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Just thought I'd share with you guys what I went through to upgrade my beloved Alfa!

I have a stock standard Alfa 147 2.0TS Manual. I bought this car in 2003 brand new. It had a few issues along the way, as does every alfa, but I still loved driving it every day. The mileage is currently sitting at 141000km and its been for every service at the Stealerships. The only major problem I've had was the clutch would get sticky from time to time and lose pressure or just fall to the floor while cruising on the highway. The clutch slave n master have been replaced 3 times already.

So my hunt for some performance upgrade began around September 2010. I wanted a bit more oomf! Even though I was already driving it hard since day 1. I've done some research on this forum and the net and contacted various ppl. First I wanted to upgrade the exhaust n opted for Viper Performance Exhausts, but never got the time to do it.

I then got in contact with ATC Pino, who was just plain down unfriendly and rude. Wanted to charge be R1500 just for a one-on-one session to discuss possible options for my car. Needless to say, I didnt go down that route.

Then I got in touch with the Legendary Oom Dawie at Glenwood! Just talking to him put my mind at ease cause he knows what he is talking about. He already had a plan on what he will be doing for my car. I do not have the full list of everything to be done, but it goes along the lines of :
  • complete engine strip to check bearings and rings.
  • Polished crank
  • Porting
  • increase compression
  • Wilder Cams
  • Free flow
  • UniQ chip
  • Dyno

There are some other things to do, but I'll only know what he's done when I pick up my car again. Its currently at his shop n stripped! I miss my Alfa n cant wait to get her back!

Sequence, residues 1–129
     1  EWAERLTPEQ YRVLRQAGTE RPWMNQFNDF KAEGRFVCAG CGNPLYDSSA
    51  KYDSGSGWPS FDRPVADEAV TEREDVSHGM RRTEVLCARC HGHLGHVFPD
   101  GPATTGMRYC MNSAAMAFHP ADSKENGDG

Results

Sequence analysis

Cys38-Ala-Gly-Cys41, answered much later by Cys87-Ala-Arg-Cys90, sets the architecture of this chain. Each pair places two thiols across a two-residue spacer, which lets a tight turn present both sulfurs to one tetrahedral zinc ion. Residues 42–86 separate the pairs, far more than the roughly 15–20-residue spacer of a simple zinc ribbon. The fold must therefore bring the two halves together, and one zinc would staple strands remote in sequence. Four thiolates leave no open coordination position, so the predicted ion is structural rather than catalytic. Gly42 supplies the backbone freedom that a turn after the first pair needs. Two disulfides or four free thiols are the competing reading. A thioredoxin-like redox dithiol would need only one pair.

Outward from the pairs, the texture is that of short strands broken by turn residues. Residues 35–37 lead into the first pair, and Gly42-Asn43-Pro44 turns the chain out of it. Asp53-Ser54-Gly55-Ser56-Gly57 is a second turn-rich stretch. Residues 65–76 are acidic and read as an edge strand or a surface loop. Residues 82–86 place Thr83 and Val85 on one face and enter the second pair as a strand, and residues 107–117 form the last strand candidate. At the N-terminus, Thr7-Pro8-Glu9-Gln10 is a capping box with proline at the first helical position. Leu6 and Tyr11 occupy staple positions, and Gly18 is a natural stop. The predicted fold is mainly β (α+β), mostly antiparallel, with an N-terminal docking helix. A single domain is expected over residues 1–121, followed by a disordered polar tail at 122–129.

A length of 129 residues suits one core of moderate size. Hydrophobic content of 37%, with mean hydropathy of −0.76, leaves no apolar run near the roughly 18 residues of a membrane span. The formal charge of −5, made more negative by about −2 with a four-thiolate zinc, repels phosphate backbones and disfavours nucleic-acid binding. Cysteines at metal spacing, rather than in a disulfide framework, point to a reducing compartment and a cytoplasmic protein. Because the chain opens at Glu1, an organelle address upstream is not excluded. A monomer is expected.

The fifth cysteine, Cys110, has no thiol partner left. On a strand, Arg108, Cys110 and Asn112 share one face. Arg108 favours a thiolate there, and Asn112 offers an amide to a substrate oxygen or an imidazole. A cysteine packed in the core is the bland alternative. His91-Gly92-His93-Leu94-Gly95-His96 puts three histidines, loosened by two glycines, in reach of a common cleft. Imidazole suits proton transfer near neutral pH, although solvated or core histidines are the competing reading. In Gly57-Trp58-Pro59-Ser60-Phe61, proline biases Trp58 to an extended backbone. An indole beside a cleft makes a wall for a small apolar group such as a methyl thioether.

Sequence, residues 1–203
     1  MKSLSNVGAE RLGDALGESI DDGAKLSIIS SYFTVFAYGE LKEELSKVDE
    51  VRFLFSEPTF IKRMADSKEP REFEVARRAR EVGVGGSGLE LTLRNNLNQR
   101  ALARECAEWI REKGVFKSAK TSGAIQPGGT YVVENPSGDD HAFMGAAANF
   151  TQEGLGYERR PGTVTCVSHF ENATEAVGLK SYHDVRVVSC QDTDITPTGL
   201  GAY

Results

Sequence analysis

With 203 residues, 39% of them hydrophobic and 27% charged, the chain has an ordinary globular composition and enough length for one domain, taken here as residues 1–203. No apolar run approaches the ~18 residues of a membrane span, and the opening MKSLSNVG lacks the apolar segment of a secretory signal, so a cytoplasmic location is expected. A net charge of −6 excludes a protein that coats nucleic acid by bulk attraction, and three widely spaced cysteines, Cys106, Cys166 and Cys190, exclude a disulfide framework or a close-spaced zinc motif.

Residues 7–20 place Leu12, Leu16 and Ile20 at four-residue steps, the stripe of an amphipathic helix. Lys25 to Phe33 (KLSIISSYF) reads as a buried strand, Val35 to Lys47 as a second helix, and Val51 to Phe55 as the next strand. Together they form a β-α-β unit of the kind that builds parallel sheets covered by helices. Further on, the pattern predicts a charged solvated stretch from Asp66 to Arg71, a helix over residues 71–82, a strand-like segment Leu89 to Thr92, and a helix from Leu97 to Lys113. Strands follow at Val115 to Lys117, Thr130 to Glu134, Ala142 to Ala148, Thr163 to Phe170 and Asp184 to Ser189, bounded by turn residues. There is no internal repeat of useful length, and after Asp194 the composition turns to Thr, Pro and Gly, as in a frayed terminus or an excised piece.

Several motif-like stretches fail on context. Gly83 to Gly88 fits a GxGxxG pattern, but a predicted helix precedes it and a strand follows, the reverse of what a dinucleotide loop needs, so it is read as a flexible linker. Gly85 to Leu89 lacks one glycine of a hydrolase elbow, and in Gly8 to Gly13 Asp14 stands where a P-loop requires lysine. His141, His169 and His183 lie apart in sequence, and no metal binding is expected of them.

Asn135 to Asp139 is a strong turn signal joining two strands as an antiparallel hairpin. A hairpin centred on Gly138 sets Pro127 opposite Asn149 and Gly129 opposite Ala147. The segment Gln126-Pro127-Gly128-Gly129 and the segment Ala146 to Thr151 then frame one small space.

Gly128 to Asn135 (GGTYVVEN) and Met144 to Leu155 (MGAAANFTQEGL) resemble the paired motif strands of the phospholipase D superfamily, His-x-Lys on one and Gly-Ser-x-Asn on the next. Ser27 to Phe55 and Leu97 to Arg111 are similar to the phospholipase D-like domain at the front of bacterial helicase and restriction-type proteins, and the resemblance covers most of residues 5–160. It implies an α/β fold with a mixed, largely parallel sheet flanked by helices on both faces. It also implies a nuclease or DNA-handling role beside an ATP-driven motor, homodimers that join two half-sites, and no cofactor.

oh, and when he removed the gearbox, he said bits n pieces fell out.......The thrust bearing was shot and I have a suspicion that this was the problem all along! The dealership just never bothered diagnosing the problem!

Ok I will give more details once I know, thats if anyone wants to know the outcome. Let me know and I'll fill you guys in.
 

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2004 Alfa Romeo 156 1.8TS
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Interesting - but expensive project!

Fit a lightweight flywheel from TTV racing while you're at it (approx. half the weight of factory flywheel). And get hold of a 1.8TS gearbox instead - it has slightly shorter gearing, so will help acceleration.

Exhaust manifold should be changed to remove pre-cats. Either by Supersprint manifold, or a CF2 manifold from 156. I'm however not sure how downpipe & centre pipe fits 147.

Be aware that higher compression pistons will affect longevity & reliability, if the increase is significant.
I'm curious why blueprinting is left out from your list above?
 

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What rpm do you think this engine will reach?

Are TS cranks known to be fragile and prone to breaking?

I've not heard that they are, which would lead me to susepct that that spending a fairly large sum of money on polishing it (a lot or work to do well) may not be very cost effective, and potentially might be counterproductive.

I don't know the metallurgy of the TS crankshaft, but if it has a factory hardened surface (such as 'nitriding', or even 'shot peening') then polishing it may remove or substantially thin that hardened surface in places. If so then this would weaken the crank rather than make it more resistant to cracking.

Polishing a crank removes surface stress risers (any imperfections or acute machined angles) that might be places where a crack may start. It does not make the crank any stronger in an absolute sense. Fatigue cracks tend to start at surface imperfections, which become more of an issue when the rpm is substantially higher than the stock red line. Surface hardening also does little to nothing to increase absolute strength, but adds to fatique resistance, i.e. a hardened surface is far less likley to form the initial tiny crack from which a fracture propogates.

I have read that a crank which has been polished should be re nitrided and / or re shot peened to restore a uniform surface hardness. If the polishing has resulted in a surface that changes from hard to soft to hard (etc), then the changes in hardness could act in effect as stress risers that potentially could give rise to cracking.

Unlike decades ago, most modern factory crankshafts are very well engineered from high quality materials to very vigh tolerances and with excellent quality control. As such most are very strong and resistant to cracking and consequent fatigue failures, even when used at rpm significantly higher than originally intended by the design engineers.